Benghazi has a warm semi-arid climate (Köppen climate classification BSh). To the north of the city is the Mediterranean Jabal Al-Akdhar, and to the south the climate is desert like. Summers in Benghazi are hot and dry. Winters are mild with occasional rain. Annual rainfall is low at 268mm per year.

Weather data for Benghazi
Month Jan Feb Mar Apr May Jun Jul Aug Sep Oct Nov Dec Year
Average high °F (°C) 63
Average low °F (°C) 50
Precipitation inches (mm) 2.6
Source: BBC Weather [7] 01-March-2009

Natural recreation and parks

Al-Buduzeera is one of the largest and most popular parks in Benghazi.

Although Benghazi does not have a high percentage of green space per resident, there are a few public parks and green recreational areas in the city. Perhaps the most famous is the zoological garden and theme park in Al-Fuwayhat; the park is referred to locally as al-Bosco, a colloquial Italian name for zoo. The park is a combination of a zoo built during Italian rule (which contains wild cats, primates, elephants, birds and other animals) and a small theme park of electric rides, added later in the 1980s as part of a redevelopment of the entire site. It is one of the most popular parks in Benghazi, and is very busy on public holidays, as well as amongst school children and scouts on outings.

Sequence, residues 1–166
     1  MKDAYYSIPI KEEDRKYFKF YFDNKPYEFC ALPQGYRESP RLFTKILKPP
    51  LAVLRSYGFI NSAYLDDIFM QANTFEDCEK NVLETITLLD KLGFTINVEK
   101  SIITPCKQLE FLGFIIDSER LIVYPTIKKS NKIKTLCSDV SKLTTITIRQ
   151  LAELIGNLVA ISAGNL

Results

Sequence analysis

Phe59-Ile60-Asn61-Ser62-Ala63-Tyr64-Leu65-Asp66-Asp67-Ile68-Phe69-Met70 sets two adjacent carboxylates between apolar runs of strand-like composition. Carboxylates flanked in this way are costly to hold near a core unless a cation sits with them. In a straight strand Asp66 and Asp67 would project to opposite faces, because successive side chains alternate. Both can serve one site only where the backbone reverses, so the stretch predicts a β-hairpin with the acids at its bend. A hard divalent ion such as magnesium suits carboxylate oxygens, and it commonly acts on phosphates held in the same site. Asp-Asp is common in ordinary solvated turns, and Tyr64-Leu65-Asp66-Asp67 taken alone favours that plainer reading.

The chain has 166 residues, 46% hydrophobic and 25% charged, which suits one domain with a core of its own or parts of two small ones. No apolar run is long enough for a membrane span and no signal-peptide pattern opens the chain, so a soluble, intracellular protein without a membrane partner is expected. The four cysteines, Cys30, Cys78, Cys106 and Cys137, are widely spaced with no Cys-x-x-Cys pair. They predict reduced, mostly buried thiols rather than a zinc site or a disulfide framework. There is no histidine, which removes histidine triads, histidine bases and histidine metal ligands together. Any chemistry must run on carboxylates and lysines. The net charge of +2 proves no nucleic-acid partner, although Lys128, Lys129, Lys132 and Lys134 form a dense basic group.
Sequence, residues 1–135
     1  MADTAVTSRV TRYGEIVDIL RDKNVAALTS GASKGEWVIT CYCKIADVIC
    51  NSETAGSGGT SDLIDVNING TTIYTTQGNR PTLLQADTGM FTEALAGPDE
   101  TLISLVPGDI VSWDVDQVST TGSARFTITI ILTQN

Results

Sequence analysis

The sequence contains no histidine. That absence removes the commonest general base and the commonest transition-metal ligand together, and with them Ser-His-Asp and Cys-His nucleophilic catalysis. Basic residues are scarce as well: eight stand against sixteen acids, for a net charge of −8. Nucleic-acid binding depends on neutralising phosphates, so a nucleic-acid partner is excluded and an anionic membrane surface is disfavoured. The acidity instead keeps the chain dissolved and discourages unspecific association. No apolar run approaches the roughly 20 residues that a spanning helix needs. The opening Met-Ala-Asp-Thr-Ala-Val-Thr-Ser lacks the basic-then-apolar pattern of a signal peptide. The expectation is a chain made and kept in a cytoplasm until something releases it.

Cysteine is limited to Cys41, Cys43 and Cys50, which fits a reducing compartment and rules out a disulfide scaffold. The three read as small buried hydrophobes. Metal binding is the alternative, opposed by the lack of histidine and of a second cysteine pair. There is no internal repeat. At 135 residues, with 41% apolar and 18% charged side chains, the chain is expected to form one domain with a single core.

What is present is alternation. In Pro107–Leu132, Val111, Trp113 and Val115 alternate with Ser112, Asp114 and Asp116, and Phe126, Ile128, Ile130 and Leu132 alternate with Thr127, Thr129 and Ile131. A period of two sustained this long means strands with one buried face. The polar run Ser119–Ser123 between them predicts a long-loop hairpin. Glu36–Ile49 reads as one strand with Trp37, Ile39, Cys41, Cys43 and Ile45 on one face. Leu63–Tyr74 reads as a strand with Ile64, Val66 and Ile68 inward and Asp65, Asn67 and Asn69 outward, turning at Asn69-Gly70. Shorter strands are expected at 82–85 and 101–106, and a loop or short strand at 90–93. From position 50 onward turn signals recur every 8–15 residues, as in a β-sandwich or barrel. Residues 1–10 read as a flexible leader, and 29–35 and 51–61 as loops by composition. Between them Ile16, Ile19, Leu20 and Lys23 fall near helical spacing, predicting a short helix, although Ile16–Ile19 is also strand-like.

On Gamal Abdel Nasser Street is the 23rd of July Park, another large green space which faces the Tibesti Hotel and borders the waterfront. The park is popular amongst teenagers, and families on Thursday nights (as Friday is a day off work throughout Libya). Another large and popular park is al-Buduzira in North Benghazi on the al-'Uruba Road in al-Kwayfiya. The park surrounds a natural lake, and is more rugged in nature than the city parks. A section of al-Buduzira is also a water park with large slides, whilst the southern part of the park has picnic areas which are popular in the summers.


Al Da'waa al-Islamiya is an important office block in Benghazi; many small and large companies in the city are based in the building.

Benghazi is the principal city of Eastern Libya and is one of Libya's major economic centres. The city has an important port which is vital to the economy, as many foodstuffs and manufactured products need to be imported into Libya. Benghazi is also an industrial and commercial centre in Libya. Major manufactured goods include processed food, textiles, tanning, salt processing and construction materials, particularly cement; a large cement factory is located in al-Hawari. Food processing is based on local fish, imported goods, and the produce of irrigated coastal lowlands and the nearby Jabal al-Akdhar Mountains, including cereal, dates, olives, wool and meat.[8]